SOURCE: Penn State University, news release, July 23, 2015
MONDAY, Aug. 3, 2015 (HealthDay News) -- Nicotine poisoning is a growing concern for American children, but proposed U.S. federal government regulations alone aren't enough to solve the problem, an expert says.
The increasing popularity of electronic cigarettes has led to a number of cases of nicotine poisoning in recent years, the U.S. Centers for Disease Control and Prevention warns.
The U.S. Food and Drug Administration hopes to require warning labels and child-resistant packaging on liquid nicotine products, such as those used in e-cigarettes. Even a small amount of liquid nicotine can be lethal, Jonathan Foulds, a professor of public health sciences at Penn State College of Medicine, said in a university news release.
The proposed FDA measures would help, but it's important for adults to consistently use the provided childproofing features and to keep all sources of nicotine out of children's reach, said Foulds.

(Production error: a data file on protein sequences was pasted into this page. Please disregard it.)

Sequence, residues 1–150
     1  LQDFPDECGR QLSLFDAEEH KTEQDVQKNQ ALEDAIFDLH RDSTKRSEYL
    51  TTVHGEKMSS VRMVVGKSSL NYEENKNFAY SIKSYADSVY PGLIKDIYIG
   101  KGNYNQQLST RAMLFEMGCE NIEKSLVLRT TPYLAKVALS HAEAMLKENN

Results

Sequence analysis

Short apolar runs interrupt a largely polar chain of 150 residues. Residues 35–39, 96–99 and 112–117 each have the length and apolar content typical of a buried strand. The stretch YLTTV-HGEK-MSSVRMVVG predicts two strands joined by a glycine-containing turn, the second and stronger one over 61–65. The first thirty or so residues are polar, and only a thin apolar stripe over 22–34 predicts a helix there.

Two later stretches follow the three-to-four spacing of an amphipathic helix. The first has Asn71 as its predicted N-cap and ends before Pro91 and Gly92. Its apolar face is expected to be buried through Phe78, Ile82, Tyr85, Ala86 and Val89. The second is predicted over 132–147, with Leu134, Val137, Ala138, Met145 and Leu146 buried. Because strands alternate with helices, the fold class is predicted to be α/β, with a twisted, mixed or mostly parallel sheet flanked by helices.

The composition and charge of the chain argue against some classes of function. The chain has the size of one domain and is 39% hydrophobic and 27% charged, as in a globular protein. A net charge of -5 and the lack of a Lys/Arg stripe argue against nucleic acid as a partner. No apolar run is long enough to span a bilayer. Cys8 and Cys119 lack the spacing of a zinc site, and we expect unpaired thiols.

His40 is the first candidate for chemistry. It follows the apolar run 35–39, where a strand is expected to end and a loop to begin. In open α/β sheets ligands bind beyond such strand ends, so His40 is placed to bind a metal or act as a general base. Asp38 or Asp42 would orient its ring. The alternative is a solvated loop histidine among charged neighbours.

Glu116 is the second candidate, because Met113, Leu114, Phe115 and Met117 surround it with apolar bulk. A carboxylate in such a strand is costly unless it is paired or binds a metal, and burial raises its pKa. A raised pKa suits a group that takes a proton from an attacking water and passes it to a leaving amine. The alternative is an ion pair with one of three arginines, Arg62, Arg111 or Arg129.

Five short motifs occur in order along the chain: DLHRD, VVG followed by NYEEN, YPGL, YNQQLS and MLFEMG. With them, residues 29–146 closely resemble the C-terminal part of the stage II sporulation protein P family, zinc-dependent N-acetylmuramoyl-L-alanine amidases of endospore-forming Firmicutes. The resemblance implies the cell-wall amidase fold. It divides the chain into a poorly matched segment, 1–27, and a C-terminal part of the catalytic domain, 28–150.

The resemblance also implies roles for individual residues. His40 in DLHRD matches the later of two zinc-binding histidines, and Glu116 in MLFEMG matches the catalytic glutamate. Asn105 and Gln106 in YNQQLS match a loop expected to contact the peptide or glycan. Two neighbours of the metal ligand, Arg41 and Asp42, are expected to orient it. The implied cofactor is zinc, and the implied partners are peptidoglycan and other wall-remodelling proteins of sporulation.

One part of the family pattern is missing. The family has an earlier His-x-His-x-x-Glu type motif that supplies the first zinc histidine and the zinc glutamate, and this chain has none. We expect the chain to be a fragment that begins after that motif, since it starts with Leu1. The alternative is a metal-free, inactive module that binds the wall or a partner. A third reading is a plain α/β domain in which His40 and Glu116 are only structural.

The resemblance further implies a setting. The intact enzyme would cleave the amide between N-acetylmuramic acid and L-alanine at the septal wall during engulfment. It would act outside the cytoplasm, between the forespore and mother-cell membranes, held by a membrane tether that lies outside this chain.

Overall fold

"Simply put, nicotine is a poison and consumers need to take responsibility for keeping it away from children, whether it is in a childproof container or not," he said.
A nicotine overdose can cause anxiety, nausea, dizziness, vomiting, loss of consciousness or even death. All nicotine-containing products -- including cigarettes, liquid nicotine and nicotine-replacement lozenges -- can be harmful to youngsters and should come in childproof containers, Foulds explained.
"There are hundreds of cases of poisoning from cigarettes every year, and so all nicotine products, including cigarettes, should be in childproof packages," he said.
The American Association of Poison Control Centers has more on protecting children from liquid nicotine.